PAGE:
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Burnham v. Commonwealth

United States District Court, D. Massachusetts

March 12, 2018

ARTHUR BURNHAM, Plaintiff,
v.
COMMONWEATLH OF MASSACHUSETTS, MAGISTRATE K. CANDITO, CHIEF PROBATION OFFICER OF THE DUDLEY DISTRICT COURT, AND JANE DOES 1 and 2, Defendants,

          ORDER

          TIMOTHY S. HILLMAN, DISTRICT JUDGE.

         Background

         Arthur Burnham (“Burnham”) has filed a complaint against the Commonwealth of Massachusetts, Magistrate K. Candito, the Chief Probation Officer of the Dudley District Court and Jane Doe1 and Jane Doe 2, who are employees of the Dudley District Court, alleging claims under 42 U.S.C. §§1983, 1985 and 1986 for: (1) violation of his Eighth Amendment Right to be free from cruel and unusual punishment as well as deliberate indifference to his serious mental health needs; (2) violation of his right to due process under the Fourteen Amendment; (3) violation of the Equal Protection Clause; (4) conspiracy to impose disparate treatment; and (5) failure to prevent a conspiracy. Burnham has also alleged a claim against the defendants under the Americans with Disabilities Act (“ADA”), 42 U.S.C. § 12101 et seq. and a state law claim for emotional distress.

         This Order addresses Defendants Commonwealth Of Massachusetts, Magistrate K Candito, And Dudley District Court Chief Probation Officer's Motion To Dismiss (Docket No. 57) and Burnham's Motion To File A Fourth Amended Complaint (Docket No. 45). For the reasons set forth below, the defendants' motion to dismiss is granted and Burnham's motion to further amend him complaint is denied.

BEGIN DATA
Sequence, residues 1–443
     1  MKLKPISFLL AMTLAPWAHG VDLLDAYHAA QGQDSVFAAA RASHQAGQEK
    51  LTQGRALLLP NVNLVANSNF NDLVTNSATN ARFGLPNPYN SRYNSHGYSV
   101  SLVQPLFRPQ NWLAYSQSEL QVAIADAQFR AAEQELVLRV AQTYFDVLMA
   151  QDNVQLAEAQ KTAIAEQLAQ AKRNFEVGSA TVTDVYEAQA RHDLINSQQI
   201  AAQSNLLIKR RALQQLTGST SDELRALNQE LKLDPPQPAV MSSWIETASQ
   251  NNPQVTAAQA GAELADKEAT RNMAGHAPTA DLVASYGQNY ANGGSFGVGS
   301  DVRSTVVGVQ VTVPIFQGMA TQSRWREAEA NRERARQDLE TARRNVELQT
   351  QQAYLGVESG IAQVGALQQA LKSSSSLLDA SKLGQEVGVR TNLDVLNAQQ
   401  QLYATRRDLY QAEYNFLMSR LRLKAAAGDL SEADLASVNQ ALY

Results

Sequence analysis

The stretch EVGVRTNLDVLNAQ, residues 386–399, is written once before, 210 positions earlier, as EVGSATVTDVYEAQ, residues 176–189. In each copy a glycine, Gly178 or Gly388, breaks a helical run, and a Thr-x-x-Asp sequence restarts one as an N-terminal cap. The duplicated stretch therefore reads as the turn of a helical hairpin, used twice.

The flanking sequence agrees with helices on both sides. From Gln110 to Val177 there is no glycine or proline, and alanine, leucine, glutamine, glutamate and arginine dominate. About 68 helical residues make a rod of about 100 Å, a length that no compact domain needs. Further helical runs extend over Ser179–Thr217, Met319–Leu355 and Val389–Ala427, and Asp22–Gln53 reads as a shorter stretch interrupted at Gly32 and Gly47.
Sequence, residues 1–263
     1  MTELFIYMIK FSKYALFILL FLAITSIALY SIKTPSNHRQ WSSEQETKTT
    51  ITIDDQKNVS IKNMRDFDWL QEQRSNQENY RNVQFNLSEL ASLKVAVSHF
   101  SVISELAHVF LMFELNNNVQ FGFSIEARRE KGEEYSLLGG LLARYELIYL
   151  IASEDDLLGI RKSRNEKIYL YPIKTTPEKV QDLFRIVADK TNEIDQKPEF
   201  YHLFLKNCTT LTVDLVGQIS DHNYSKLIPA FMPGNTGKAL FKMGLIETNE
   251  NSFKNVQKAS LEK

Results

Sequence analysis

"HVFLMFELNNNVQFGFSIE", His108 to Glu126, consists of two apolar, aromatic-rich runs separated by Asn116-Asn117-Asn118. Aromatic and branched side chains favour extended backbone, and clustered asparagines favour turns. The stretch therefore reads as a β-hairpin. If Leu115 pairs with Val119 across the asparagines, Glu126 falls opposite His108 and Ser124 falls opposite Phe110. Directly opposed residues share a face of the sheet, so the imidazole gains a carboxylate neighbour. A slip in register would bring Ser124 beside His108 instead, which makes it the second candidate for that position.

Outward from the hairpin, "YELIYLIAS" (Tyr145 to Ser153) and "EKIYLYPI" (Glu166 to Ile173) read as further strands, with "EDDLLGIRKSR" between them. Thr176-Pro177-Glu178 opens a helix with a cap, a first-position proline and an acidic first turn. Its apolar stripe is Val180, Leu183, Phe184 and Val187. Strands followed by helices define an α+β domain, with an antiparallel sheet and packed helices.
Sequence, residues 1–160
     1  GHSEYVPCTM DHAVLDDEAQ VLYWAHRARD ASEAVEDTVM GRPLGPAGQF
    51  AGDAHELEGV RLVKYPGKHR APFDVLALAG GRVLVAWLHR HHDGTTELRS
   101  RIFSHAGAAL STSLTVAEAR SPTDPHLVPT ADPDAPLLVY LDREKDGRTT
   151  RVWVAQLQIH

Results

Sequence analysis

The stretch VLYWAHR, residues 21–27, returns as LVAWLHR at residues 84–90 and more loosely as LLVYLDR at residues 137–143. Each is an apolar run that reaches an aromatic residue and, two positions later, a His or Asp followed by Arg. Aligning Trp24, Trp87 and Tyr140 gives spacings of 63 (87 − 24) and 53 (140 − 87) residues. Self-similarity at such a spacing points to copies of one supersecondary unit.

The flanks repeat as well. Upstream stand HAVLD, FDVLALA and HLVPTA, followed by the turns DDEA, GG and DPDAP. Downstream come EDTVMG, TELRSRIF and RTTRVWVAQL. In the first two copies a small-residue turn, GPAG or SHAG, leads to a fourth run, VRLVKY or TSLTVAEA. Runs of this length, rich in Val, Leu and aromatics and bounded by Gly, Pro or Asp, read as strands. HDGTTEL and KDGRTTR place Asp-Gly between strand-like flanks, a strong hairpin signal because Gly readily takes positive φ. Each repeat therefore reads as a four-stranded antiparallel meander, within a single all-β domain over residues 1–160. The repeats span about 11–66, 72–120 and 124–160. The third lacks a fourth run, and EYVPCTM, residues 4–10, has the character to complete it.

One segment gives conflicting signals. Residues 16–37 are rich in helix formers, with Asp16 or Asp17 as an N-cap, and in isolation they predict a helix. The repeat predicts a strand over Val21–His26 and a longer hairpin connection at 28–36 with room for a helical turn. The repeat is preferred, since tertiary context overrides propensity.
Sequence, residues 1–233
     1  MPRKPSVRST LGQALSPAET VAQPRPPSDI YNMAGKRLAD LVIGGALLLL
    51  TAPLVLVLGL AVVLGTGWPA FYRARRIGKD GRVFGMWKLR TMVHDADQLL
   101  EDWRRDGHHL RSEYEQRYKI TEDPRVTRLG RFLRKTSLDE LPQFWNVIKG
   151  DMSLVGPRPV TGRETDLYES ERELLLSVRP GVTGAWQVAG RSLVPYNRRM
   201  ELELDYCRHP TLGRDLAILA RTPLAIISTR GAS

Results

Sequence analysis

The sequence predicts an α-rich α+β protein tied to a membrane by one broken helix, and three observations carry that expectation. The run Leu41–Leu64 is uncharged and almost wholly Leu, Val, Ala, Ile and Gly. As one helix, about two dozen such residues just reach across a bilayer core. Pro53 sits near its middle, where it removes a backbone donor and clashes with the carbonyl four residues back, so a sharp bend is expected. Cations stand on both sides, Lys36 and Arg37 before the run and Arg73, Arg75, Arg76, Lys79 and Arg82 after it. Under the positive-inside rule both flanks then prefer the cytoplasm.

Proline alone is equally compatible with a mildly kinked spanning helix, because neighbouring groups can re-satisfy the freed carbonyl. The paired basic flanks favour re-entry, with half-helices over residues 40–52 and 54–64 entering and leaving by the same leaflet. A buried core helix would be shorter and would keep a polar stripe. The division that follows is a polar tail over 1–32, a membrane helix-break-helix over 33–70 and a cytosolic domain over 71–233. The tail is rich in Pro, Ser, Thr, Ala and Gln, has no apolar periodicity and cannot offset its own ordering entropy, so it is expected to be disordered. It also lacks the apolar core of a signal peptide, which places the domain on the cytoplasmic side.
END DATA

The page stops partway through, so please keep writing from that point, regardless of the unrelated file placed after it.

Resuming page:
Discussion

         Summary of Underlying Facts

         Burnham's claims relate to an incident which occurred on March 3, 2012 at the time of his arrest by the Southbridge Police Department. More specifically, Burnham alleges that while in police custody, he had a medical emergency (a seizure) and soiled himself. He alleges that the police department had a video of the incident from its surveillance cameras and provided a copy to employees of the Dudley District Court. Burnham was brought to court at March 7, 2012, for a custody proceeding. He alleges that at the proceeding, employees of the courthouse looked at him and laughed. He further alleges that whenever he was brought to the Dudley District Court for the next year and a half, courthouse employees continued to laugh at him and mock his seizure. As a result, Burnham has been humiliated and attempted to commit suicide on a number of occasions. Upset about the courthouse employees' conduct, he acted out in court and as a result, lost custody of his children.

         Motion To Dismiss

         The defendants assert that Burnham's claims against them under Section 1983, 1985 and 1986 for violation of his civil rights and conspiracy to violate his civil rights, as well as all state law claims against them, must be dismissed because they are barred by the Eleventh Amendment. Defendants allege that the remaining ADA claim must be dismissed for failure to state a claim.

         Standard of Review